Monty67 wrote:Michael1 wrote:Monty67 wrote:What were your expectations heading into this winter?
A fair question, which i will endeavor to answer.
Firstly, I will discuss last winter. It has been widely regarded as "one of the best". that is open to interpretation however. While it is true that many places received higher snowfall amounts, others didn't. for example, except for February's snow, here at sea level, it was difficult to get higher accumulations. Although we did get some precip associated with outflow, most of the colder air here did not come from the interior, as a normal arctic outbreak would, but down the coast. This made temperatures during snow events, marginal at best ( -.05 to +1). Overall, the average temperatures for highs were cooler to be sure.
My expectations for this winter, looking at some other years, especially the nineties, were for a stormier fall. Looking at 1990 for example, when the enso was very slightly positive and the PDO was still in a warm phase, we received record amounts of rainfall, so much rain in fact, that the storm sewer covers on Cook street in Victoria, were blown off. Each storm we endured always was followed by much cooler air, until finally a true arctic outbreak occurred on Dec. 18.
1992 Had strong positive enso numbers until June- but never entered weak la nina territory in the months following, yet the east Island had its usual run of pacific storms and had some very cold events, Again with a warm PDO.
So what were my expectations for this winter? 1) a more active storm track, given the mildly negative PDO and the continual falling enso ssts; more below freezing night temps (not necessarily consecutively) and a less persistent el nino pattern, given that it shouldn't even be a consideration. As for arctic out breaks, I would have thought 2-3 events of 7- 10 days of duration wouldn't have been out of place, given how this season was looking (as someone put it, at least on paper) . But this intransigent pattern we've had before- then it was blamed on an anomalous pool of warmer water that existed from Alaska down the coast. Maybe my eyes are cheated, but it is now being presented as cooler than normal. I won't get into solar activity, since there is some debate as to its effect ( funny that). Anyways, my expectations weren't for anything impossible, but for what should have been. Our weather data has been rendered practically useless by a rapidly changing climate. 30 year averages, probability and analogs , in my opinion, are of limited use.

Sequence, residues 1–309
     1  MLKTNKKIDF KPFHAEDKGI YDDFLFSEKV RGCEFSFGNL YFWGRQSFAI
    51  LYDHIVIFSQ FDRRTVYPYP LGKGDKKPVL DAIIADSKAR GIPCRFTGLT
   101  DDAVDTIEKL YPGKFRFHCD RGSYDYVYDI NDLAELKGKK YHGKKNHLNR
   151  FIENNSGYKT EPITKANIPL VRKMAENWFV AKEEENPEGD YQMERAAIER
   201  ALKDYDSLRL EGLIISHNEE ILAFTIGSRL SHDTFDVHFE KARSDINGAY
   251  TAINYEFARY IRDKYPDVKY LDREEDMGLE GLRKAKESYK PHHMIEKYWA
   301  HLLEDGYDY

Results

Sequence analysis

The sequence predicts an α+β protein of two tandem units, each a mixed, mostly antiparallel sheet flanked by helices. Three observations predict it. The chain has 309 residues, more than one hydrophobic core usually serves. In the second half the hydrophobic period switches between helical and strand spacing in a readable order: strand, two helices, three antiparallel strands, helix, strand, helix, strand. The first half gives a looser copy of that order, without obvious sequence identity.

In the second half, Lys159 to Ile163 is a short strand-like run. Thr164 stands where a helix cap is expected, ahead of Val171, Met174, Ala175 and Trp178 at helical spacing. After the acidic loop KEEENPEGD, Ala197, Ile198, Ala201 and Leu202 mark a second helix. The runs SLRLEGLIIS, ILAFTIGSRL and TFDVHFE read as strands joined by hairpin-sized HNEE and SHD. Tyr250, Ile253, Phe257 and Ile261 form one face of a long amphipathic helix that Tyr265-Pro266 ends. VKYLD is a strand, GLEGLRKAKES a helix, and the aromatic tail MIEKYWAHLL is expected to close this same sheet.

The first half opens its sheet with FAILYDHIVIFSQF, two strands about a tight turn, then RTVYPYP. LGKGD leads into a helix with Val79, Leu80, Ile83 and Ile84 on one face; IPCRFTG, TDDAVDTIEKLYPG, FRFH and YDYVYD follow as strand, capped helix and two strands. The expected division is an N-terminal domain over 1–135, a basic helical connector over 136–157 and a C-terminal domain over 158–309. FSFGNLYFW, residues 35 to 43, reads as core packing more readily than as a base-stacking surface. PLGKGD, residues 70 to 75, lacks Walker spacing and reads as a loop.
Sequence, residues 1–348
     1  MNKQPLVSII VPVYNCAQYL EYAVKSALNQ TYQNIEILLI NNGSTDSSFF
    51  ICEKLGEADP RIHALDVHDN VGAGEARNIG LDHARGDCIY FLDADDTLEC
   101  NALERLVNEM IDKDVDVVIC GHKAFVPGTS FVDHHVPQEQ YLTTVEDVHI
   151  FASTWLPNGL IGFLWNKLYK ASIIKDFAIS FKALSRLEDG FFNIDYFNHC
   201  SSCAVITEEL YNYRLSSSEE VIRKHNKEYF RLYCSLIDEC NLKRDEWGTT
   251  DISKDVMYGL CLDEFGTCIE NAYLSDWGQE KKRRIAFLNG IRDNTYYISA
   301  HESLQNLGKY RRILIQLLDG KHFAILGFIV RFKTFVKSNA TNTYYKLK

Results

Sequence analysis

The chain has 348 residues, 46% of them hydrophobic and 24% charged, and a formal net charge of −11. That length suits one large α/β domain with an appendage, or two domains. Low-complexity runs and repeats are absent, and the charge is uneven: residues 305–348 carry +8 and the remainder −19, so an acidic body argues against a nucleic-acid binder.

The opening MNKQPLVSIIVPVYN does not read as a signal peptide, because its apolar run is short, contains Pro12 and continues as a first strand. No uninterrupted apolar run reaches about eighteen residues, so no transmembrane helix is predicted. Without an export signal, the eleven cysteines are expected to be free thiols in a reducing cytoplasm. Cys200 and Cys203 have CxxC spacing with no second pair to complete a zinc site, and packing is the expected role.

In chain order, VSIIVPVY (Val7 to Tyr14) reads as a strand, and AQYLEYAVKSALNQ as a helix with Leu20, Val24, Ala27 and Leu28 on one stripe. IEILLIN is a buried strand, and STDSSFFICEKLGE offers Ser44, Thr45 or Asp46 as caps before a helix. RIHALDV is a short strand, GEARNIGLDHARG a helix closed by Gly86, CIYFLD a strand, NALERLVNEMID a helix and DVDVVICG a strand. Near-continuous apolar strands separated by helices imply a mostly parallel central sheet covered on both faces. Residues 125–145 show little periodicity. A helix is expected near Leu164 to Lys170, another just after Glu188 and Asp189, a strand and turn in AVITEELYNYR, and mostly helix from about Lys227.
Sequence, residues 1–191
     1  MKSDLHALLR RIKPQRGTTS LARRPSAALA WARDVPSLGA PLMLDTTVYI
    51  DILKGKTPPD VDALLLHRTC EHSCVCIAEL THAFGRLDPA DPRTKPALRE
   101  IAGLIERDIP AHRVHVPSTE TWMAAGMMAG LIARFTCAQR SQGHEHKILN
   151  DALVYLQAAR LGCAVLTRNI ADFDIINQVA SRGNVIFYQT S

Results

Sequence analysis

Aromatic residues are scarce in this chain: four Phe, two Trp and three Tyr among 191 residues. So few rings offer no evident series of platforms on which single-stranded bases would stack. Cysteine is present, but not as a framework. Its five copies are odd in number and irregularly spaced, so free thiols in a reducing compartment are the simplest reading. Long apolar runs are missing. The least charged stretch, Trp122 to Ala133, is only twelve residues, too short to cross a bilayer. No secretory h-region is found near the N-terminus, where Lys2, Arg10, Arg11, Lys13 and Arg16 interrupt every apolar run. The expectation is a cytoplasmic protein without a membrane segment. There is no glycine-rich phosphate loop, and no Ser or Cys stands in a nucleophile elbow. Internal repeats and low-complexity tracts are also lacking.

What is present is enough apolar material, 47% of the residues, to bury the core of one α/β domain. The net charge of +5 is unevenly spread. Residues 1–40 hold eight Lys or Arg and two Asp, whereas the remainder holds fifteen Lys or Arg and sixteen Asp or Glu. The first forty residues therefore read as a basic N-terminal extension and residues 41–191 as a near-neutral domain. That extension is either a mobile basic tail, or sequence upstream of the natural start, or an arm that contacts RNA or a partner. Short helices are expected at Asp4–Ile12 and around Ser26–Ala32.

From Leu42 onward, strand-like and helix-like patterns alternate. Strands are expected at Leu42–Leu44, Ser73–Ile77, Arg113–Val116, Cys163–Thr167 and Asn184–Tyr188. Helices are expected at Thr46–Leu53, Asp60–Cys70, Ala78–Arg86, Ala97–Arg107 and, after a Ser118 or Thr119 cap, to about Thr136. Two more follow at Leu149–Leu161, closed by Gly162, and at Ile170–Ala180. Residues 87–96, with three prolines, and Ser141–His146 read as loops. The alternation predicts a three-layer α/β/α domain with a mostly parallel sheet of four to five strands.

Seems reasonable, although 3 events of 7-10 days during one winter would be pretty upper end stuff. I’d give it some time still. Winter hasn’t started yet and you wrote this as if it’s already over. Maybe my views are slightly blinded due to my location. Long term snowfall trends have not been altered that much at Shawnigan Lake. Less arctic air certainly, but snowfall hasn’t declined as much.
Well, even when I was growing up in Victoria, the sooke hills and the malahat always had snow during the winter, at least most winters.As far as this winter is concerned, usually mechanisms are already in place , but this year, the only mechanism is a persistent ridge of death. I would welcome being 100% wrong , but I sadly don't believe I am. We will constantly be looking 14 days out, trying to glean some changes. It seems we've done this before, in other failed winters.